Battle of the Sexes: Portfolia Revolutionizes Investing

By Padmini Parthasarathy

It’s no secret that the world of venture capital is a boy’s club — so much so that only five women made Forbes’ Midas list this year. 

Portfolia, a site that connects first-time investors with start-ups that deliver products mostly for women, is seeking to change that. If you have as little as $1,000, you can now invest it in a company you believe in.

After working the field of women/money for decades, Trish Costello, founder and CEO of Portfolia, experienced an uncharacteristic crisis of confidence in the future of women VCs a few years ago.

Women traditionally find very little success in the elitist world of venture capital. A mere 13 percent of venture deals go to companies with a female founder.

“I think it is unconscious bias,” Costello says. “We use ‘we’ instead of ‘I’, and ‘we’ looks kind of weak and ‘I’ looks kind of strong. That has nothing to do with their ability to grow kick-ass companies, those are just differences in interaction.”

Women also tend to manage expectations by giving conservative estimates of the potential windfall. Portfolia offers an alternative vehicle to access capital.

“For many years I’ve been working in the equity space and with women. At the Kauffman Foundation, we put millions of dollars into trying to assist women to grow fast-growth scalable companies, training women angels, training women VCs. At some point a few years back, I was feeling somewhat negative about the progress I’d seen to date. We’d put a lot of work and effort into this, and there really hadn’t been much change over time,” Costello says.

Costello cites three major reasons for launching the site now:

·      Women now own the majority of private wealth in the US.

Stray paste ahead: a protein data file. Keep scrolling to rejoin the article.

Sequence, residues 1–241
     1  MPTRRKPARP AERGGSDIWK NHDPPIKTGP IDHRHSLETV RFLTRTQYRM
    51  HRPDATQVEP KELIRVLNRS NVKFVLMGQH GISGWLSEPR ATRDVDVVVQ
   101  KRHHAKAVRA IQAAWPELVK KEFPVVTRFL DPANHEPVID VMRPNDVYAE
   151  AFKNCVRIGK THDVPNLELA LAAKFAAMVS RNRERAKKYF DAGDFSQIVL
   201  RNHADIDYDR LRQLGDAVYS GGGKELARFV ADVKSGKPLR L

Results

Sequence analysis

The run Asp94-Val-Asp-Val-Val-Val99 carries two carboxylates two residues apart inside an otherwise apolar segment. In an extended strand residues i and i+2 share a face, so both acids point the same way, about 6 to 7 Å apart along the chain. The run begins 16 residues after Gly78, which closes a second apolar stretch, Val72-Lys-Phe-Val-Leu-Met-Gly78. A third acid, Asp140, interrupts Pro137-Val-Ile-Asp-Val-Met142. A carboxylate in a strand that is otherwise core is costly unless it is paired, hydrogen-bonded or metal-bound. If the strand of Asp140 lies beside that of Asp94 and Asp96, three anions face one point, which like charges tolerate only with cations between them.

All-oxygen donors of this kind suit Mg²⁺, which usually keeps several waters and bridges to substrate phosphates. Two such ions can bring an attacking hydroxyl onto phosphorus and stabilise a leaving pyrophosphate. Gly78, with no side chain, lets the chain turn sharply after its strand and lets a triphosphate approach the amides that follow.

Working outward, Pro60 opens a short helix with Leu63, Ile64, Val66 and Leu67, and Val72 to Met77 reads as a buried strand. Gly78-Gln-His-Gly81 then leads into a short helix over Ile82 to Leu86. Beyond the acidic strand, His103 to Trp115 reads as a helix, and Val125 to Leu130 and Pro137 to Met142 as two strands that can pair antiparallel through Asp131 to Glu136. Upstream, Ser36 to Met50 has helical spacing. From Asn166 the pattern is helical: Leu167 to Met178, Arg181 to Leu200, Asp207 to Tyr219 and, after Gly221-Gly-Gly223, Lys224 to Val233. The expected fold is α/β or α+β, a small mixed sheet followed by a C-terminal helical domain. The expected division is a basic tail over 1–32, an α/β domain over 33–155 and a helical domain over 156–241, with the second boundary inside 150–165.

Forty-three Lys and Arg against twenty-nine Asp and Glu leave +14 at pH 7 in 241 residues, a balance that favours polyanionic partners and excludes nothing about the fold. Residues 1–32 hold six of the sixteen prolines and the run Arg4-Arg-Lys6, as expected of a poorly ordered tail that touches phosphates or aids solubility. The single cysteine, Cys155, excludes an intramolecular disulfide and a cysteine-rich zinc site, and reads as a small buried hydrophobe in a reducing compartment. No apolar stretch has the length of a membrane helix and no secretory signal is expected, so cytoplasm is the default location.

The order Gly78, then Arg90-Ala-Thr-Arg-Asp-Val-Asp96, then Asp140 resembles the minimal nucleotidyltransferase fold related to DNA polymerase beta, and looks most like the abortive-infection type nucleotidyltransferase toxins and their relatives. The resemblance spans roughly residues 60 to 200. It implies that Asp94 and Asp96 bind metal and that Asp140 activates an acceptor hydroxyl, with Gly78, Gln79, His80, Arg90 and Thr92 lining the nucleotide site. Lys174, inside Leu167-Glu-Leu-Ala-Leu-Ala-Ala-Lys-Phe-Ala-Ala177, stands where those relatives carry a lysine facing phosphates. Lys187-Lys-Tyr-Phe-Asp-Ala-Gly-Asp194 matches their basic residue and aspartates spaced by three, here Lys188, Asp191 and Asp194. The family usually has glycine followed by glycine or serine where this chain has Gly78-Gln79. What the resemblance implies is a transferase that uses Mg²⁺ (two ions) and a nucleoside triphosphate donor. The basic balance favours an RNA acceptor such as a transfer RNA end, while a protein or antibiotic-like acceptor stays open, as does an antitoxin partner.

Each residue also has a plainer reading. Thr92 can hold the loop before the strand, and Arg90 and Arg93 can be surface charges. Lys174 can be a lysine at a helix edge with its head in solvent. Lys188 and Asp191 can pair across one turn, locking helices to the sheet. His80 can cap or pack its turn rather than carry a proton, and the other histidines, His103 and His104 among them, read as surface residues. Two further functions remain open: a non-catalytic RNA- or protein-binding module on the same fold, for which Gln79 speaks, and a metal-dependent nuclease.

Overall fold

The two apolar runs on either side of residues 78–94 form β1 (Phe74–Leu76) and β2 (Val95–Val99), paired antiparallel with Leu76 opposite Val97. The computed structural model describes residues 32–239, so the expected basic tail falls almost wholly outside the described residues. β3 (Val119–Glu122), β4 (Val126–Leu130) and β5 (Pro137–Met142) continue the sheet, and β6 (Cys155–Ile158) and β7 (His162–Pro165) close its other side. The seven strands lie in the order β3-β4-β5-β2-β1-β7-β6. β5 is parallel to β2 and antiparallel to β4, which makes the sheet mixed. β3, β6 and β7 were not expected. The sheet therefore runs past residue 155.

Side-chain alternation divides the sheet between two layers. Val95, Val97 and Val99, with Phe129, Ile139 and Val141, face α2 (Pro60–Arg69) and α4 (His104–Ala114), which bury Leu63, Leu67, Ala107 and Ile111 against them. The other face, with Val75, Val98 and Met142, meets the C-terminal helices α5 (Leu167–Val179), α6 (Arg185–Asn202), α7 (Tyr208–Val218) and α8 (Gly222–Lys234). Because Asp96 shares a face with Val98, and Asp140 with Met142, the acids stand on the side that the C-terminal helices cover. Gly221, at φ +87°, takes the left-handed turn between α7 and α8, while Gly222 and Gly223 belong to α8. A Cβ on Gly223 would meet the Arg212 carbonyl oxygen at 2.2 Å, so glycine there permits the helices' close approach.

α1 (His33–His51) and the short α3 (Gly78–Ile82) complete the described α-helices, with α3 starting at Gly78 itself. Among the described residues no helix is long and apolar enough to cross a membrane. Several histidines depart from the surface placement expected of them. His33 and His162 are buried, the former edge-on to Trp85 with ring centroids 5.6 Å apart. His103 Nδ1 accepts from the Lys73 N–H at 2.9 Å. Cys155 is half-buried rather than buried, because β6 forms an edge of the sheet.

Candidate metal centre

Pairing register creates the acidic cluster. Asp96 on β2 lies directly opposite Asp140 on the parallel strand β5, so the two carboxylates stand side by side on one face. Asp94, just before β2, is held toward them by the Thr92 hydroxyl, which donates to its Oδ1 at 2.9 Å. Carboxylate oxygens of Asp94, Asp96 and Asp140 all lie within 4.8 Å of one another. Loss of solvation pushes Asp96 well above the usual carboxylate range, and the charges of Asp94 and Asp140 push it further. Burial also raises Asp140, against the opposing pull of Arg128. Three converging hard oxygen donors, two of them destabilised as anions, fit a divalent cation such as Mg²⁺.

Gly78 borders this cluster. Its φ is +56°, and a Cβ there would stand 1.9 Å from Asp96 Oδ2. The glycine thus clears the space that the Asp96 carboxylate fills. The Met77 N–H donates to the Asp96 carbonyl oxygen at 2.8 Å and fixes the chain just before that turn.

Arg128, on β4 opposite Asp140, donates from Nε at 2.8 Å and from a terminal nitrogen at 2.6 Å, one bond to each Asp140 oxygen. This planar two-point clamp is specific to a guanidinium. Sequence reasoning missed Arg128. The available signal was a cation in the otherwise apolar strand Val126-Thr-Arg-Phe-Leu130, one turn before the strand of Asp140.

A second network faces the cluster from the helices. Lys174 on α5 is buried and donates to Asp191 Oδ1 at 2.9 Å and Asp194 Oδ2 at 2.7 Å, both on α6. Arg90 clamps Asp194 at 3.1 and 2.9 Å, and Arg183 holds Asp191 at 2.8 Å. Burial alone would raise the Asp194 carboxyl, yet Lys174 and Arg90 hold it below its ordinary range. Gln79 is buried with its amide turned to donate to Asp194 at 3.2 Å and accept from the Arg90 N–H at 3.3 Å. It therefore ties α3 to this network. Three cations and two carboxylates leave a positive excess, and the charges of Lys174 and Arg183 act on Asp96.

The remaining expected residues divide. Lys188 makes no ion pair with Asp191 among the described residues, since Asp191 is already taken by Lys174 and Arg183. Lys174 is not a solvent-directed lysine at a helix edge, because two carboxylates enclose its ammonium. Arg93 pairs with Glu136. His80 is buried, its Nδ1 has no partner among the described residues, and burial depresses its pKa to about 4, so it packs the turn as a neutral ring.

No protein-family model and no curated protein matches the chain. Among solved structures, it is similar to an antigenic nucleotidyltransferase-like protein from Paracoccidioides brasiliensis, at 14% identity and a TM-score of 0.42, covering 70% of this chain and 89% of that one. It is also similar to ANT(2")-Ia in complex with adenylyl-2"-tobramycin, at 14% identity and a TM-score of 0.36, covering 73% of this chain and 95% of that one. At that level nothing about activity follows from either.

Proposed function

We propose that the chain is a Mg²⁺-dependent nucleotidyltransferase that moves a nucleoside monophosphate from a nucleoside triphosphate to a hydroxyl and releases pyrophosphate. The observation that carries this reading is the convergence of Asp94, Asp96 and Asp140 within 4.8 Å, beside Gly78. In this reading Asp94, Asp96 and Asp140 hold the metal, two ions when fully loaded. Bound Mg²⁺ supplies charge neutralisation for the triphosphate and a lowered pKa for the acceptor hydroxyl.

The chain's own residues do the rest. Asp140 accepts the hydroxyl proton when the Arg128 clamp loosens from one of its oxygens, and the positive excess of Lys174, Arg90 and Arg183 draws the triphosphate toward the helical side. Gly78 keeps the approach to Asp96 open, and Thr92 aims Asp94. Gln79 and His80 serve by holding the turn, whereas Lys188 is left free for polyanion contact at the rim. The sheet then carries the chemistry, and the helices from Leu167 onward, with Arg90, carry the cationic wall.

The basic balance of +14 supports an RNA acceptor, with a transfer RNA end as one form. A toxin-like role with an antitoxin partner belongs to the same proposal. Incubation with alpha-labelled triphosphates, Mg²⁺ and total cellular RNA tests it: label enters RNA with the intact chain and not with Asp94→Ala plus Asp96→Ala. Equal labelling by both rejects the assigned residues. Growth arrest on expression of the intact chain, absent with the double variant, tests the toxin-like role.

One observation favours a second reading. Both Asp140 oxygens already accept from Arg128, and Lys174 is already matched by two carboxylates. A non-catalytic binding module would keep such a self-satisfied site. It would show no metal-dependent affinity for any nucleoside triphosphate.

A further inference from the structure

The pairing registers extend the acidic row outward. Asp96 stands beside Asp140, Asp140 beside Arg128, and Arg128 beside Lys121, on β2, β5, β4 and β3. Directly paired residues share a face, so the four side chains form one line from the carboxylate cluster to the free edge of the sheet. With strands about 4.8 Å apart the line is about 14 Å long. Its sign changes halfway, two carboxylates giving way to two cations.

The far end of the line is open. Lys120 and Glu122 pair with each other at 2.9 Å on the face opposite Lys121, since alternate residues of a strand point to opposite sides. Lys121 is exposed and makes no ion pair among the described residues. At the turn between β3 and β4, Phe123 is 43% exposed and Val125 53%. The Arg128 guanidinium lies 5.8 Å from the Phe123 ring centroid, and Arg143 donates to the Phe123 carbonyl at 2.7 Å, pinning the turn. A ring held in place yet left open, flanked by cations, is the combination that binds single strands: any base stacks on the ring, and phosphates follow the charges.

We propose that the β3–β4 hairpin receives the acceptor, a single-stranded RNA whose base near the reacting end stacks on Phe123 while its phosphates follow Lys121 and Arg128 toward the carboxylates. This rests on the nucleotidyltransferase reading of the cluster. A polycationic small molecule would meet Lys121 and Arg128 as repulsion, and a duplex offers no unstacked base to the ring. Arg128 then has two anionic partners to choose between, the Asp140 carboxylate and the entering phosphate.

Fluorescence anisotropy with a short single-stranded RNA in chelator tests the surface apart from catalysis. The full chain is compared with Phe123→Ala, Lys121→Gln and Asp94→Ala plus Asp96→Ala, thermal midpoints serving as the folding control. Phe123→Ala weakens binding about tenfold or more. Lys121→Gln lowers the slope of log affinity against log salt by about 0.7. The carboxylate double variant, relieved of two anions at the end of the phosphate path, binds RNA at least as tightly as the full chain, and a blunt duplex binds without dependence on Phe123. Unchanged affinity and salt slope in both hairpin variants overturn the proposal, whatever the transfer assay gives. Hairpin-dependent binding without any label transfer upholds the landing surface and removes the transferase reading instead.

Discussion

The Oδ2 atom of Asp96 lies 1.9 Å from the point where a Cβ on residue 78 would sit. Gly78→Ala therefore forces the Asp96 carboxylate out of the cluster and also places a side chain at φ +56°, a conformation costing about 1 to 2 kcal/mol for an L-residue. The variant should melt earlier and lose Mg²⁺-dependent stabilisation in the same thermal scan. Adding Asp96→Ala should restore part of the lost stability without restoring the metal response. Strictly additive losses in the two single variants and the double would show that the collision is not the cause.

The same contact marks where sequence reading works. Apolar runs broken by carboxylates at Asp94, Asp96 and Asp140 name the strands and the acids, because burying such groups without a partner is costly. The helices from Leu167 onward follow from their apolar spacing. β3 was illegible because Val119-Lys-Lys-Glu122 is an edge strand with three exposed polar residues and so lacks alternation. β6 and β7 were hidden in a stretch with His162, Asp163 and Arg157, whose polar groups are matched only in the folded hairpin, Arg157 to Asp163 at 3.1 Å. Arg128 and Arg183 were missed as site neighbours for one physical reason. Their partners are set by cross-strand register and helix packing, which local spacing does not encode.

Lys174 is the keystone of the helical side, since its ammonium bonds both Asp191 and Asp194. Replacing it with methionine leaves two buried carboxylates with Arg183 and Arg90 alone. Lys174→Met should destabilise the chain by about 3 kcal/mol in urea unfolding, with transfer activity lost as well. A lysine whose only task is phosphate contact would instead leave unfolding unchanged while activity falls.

·      Companies seeking finances that offer consumer-facing products and services increased from 1-in-10 to 1-in-3, so crowd-sourced critique and revenue are becoming invaluable.

·      Congress rolled out drastic amendments to securities laws that had remained virtually untouched since 1933. Before these changes, founders of start-ups could only use their networks to access capital. Additionally, the financial bar has been lowered so that now, a schoolteacher, an electrician, or, dare I say it, even a journalist, can invest money in promising start-ups. You don’t have to have a million dollars in capital or a high six-figure salary anymore to invest in a company you believe in.

“It seems that everything I’ve done in the past 20 years has prepared me to create Portfolia,” Costello says. 

The site features five companies per month. One of the companies finding success on the site is Naia Health, Inc. The husband and wife team has a lead investor and half of its $100,000 goal already. Their better pump is a tenth of the size of the what’s now on the market and nearly silent. It has a corresponding app for new moms to track their milk production as well. It’s just the kind of business that might not have made traction with a top ten VC firm.

According to Costello, many successful women VCs are moving away from the big firms and starting their own ventures. The ego-driven investing of yesteryear when large firms went all in on companies that would generate a ten-fold return — or nothing — are over. It isn’t necessarily about finding the next Google anymore, but rather, several good companies with a solid product and scalable model that will earn an investor stable returns.  

The site is currently in version 2, where either a company is ready to accept capital or it is in the “design lab” phase, where potential investors can give feedback about the product, marketing, and business model. Plans for an eCommerce section and a community board for users to sound off on products that they would like to see in the market are in the works.

Costello cites Billie Jean King, tennis champion and feminist, as an inspiration.

“Someone was joking with me about having a VC Battle of the Sexes. I think we’d win.”

Padmini Parthasarathy is a recent journalism graduate of New York University and worked at The Times of India this fall. Padmini has been published in The Times of India, Huffington Post, Tehelka THINKblog, Washington Square News, and on PolicyMic. She likes adventures, stories, and adventures that lead to stories.

Image:  The JH Photography via flickr